Yet again, looking for something else entirely, I came across this article from the Auckland Star, 29 March 1939.
Fire destroyed an unoccupied four-roomed wooden dwelling in Munster Road, Avondale, shortly before three o'clock this morning. The building belonged to the estate of the late Mrs M A Irvine, and was insured for £200.I wondered where in Avondale this fire had happened, in a place so remote that watyer supply had not yet reached it by 1939. So, first I ascertained where Munster Road is. Fortunately, a previous post here on the blog gave me the answer -- it's Maioro Street today (or, more properly, Maioro Street West, as a new extension over Richardson Road now exists, leading to State Highway 20).
When the alarm was given from a street box some distance away from the blaze, the glare of the flames could be seen over a wide area, tongues of flame from the dry wood leaping high into the air.
The Mount Albert and Mount Roskill fire stations answered the call, but when the brigadesmen arrived nothing could be done to save the building, which was a mass of flame. It stood in an isolated part of the district and was some distance back from the road. No water was available, the nearest main being over 500 yards away.
The house, one of the oldest farmlet buildings in the district, had been empty for some time and contained no furniture.
It is believed that the outbreak was caused by the wind carrying sparks from the grounds where stumps were being burned out.
So, where on Maioro Street?
That involved a bit of trawling through LINZ survey plans for the road and surrounds. Maioro Street started out as East Street, the eastern-most extent of the old Avondale Road Board and Borough Council area. Most of the development for housing along that stretch started from the 1950s, so that would explain the description of isolation for the farmhouse in the article.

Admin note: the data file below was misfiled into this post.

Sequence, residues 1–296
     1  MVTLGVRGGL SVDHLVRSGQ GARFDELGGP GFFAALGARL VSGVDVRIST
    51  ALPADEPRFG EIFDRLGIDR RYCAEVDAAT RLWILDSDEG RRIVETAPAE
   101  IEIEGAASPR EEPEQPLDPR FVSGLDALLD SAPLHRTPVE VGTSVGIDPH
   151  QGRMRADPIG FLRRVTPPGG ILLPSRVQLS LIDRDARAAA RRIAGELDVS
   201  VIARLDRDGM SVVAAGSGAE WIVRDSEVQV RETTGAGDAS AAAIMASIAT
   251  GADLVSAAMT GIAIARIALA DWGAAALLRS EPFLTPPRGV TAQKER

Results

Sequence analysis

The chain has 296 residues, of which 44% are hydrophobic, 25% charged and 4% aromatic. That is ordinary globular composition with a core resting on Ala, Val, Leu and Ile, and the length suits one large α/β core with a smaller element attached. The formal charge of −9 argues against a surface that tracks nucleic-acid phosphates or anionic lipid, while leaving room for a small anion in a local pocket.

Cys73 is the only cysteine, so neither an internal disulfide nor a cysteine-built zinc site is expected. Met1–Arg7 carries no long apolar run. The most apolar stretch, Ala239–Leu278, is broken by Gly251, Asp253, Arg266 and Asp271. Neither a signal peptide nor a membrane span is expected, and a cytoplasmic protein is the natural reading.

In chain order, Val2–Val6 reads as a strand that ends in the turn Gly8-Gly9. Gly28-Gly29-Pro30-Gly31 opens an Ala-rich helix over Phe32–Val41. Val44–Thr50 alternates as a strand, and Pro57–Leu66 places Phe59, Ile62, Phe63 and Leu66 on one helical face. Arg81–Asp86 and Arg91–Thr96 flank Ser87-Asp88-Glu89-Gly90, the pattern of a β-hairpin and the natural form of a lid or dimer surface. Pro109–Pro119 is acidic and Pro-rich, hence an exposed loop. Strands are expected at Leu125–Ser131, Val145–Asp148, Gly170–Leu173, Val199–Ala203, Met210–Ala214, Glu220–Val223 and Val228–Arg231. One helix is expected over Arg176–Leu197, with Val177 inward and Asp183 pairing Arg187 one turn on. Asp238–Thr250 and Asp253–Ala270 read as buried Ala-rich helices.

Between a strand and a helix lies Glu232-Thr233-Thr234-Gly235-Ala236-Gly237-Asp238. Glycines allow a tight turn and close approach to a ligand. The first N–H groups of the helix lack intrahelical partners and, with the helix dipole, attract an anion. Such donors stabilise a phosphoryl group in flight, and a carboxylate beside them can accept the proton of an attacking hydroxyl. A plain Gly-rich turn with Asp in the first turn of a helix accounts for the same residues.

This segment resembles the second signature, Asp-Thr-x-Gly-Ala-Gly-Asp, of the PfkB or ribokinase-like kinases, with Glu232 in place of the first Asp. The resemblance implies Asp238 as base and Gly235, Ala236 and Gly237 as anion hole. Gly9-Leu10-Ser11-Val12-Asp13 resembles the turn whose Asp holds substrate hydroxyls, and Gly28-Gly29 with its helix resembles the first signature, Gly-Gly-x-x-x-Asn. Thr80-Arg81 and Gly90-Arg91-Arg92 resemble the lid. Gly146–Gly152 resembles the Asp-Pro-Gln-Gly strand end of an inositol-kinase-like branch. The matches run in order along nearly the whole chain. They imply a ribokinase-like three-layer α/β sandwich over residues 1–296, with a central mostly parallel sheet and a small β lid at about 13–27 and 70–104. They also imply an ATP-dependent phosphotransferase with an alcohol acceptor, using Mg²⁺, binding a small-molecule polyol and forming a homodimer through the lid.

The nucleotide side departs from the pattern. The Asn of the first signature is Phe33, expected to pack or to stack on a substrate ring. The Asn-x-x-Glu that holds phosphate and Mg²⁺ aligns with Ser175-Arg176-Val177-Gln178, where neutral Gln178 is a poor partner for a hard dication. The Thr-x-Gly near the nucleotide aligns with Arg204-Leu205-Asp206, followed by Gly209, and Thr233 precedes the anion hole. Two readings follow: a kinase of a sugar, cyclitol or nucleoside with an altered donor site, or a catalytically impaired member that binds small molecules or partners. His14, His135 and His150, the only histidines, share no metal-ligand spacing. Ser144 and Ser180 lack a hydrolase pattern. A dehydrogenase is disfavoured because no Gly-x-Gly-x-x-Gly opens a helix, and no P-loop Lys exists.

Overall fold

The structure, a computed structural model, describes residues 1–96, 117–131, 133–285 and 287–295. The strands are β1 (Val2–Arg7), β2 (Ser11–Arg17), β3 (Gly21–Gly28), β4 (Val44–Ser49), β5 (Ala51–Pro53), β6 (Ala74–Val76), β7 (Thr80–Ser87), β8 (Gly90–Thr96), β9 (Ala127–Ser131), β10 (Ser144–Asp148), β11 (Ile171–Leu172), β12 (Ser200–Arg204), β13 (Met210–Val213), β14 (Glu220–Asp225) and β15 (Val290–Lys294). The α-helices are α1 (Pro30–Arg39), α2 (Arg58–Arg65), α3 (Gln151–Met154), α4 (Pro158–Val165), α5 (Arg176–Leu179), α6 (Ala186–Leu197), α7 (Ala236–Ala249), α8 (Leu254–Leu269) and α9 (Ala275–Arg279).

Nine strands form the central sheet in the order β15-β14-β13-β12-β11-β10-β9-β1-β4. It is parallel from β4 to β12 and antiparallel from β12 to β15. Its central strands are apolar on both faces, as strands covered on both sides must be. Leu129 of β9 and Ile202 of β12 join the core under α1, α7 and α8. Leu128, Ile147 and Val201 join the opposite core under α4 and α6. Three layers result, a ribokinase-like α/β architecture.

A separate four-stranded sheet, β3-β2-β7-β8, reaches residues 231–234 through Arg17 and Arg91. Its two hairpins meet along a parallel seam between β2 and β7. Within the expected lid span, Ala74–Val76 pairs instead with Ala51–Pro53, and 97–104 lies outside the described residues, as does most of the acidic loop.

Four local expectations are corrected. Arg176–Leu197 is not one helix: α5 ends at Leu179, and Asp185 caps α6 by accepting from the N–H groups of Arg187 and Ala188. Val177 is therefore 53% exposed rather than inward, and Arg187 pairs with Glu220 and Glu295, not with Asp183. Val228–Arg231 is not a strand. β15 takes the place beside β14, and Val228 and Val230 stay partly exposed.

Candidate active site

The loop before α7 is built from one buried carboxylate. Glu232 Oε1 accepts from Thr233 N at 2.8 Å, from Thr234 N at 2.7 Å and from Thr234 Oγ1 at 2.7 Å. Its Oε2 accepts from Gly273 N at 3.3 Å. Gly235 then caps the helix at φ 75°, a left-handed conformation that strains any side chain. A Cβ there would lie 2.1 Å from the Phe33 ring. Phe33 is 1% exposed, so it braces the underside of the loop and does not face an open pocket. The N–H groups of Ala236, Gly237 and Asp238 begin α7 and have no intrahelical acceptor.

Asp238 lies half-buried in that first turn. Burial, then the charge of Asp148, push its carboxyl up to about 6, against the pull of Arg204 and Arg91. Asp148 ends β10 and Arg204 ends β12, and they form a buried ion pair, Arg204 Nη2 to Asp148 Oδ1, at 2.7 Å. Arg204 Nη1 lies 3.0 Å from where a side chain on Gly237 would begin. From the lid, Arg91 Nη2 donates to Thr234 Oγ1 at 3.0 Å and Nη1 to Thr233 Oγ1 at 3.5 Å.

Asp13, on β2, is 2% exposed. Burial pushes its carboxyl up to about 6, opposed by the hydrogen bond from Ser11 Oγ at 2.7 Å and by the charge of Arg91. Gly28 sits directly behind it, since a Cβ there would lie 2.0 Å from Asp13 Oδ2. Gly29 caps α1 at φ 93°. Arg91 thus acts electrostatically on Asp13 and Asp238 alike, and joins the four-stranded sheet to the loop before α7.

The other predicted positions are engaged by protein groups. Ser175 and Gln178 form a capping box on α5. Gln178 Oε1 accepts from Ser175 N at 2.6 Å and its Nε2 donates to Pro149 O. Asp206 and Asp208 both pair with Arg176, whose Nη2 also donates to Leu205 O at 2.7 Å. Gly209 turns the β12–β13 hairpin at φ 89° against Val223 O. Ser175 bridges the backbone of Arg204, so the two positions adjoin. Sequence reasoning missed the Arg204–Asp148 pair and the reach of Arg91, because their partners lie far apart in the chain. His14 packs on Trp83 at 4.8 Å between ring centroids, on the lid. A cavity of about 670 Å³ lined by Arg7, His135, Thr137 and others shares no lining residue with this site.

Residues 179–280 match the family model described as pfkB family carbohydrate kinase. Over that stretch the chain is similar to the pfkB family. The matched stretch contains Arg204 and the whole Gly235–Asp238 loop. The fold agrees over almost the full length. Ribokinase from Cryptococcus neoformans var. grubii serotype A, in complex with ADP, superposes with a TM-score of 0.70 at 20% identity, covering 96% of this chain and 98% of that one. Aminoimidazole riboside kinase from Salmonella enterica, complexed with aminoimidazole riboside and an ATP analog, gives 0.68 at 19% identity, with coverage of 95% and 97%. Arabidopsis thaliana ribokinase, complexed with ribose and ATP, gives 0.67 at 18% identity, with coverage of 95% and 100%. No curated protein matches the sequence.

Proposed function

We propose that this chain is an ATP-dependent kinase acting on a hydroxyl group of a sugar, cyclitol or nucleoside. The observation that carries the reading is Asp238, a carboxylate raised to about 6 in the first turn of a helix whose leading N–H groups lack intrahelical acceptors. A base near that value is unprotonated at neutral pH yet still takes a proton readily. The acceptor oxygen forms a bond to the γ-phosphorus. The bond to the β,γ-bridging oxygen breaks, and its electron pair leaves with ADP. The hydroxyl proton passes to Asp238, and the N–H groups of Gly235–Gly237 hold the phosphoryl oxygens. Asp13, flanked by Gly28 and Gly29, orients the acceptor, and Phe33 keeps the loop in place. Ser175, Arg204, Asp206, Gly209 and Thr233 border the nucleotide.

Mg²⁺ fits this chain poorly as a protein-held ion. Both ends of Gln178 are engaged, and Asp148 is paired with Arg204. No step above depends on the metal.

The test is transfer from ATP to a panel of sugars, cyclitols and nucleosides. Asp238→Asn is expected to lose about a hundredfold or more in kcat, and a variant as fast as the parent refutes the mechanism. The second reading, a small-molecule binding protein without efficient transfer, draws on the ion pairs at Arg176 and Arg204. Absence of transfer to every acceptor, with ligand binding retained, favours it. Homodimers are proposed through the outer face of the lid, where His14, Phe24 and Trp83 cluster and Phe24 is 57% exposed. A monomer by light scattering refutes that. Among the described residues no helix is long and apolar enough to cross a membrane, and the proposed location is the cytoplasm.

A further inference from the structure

The northern side of Maioro Street West was originally part of 166 acres, Allotment 66 of the Parish of Titirangi, held by Dr Samuel Ford in May 1845. He sold it to a chap named Donnelly three years later, and in 1880, Donnely in turn sold the property to Robert Greenwood. Greenwood, using the services of formerly Invercargill-based but Auckland born surveyor Frederick Alexander Nutter (1859-1908) carved up his acquistion into farmlets in June 1881. [Ref: DP 131, LINZ records, detail below.]
The farmlets fronting onto Maioro were:
No. 1 of 8 acres, 3 roods and 37 perches
No. 6 of 14 acres, 3 roods, 36 perches
No. 7 of 15 acres, 3 roods, 34 perches; and
No. 8, 12 acres, 5 perches.
No. 1 later came to be owned by the Dickey family from Penrose around 1918. Nos 6 and 7 were further subdivided in 1910. That left No. 8.
In November 1881, a butcher named Robert Perkin Pasco purchased the 12 acre farmlet. What he did with the land is not known. Possibly, he simply leased it out for income. The old farmhouse may well have dated from that time. Tight financial times with the Long Depression saw Pasco put the land in the name of his wife Louisa in 1887, but this move, in the face of mutiple mortgages outstanding on the property, proved futile. One of the mortgage holders from 1884, John Campbell, took control of the title and sold the land in 1892 to Elizabeth Ellen Kelly, wife of carpenter William Alexander Kelly.
The Kellys sold the property in 1900 to Devonport builder, Albert Edward Brookes. He used the property to take out a number of mortgages, before he died in 1906 and his widow, living in Mt Albert, inherited the site. In 1912, she sold the property to another widow: Margaret Amelia Irvine, the "M A Irvine" mentioned in the 1939 article.
The property was inherited by William Johnston Irvine, settler, and spinster Mary Amelia Annie Virginia Irvine, both from Mt Roskill, in 1928. Six acres were taken for state housing in 1953, some more for post and telegraph purposes, some for roading, and some, oddly, for a railway. A cul-de-sac called Cordelia Place was formed and dedicated in 1961, and it is there, at the end of Cordelia Place, in the front yards of nos 7 and 9, where I think that burned-out old farmhouse had once stood, judging by the 1940 aerial photographs available of that area.